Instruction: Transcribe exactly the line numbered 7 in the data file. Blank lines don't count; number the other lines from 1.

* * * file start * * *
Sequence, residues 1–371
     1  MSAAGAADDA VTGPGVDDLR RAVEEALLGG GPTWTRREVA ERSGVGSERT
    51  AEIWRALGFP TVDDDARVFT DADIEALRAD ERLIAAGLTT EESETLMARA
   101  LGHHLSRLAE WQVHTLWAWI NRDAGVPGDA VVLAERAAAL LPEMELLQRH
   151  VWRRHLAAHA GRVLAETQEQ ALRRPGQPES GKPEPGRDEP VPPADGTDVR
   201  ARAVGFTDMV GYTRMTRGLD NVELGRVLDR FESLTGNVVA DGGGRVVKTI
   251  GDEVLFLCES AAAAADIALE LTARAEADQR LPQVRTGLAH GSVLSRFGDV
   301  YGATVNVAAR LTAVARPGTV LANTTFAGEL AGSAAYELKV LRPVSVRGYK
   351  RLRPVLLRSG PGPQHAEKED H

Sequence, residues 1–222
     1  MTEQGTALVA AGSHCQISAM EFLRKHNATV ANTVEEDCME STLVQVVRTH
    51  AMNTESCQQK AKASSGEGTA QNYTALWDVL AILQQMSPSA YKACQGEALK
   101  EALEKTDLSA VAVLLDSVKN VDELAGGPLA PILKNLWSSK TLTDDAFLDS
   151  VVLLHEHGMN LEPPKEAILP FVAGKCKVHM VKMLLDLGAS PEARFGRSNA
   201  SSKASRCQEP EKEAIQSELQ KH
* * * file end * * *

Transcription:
   251  GDEVLFLCES AAAAADIALE LTARAEADQR LPQVRTGLAH GSVLSRFGDV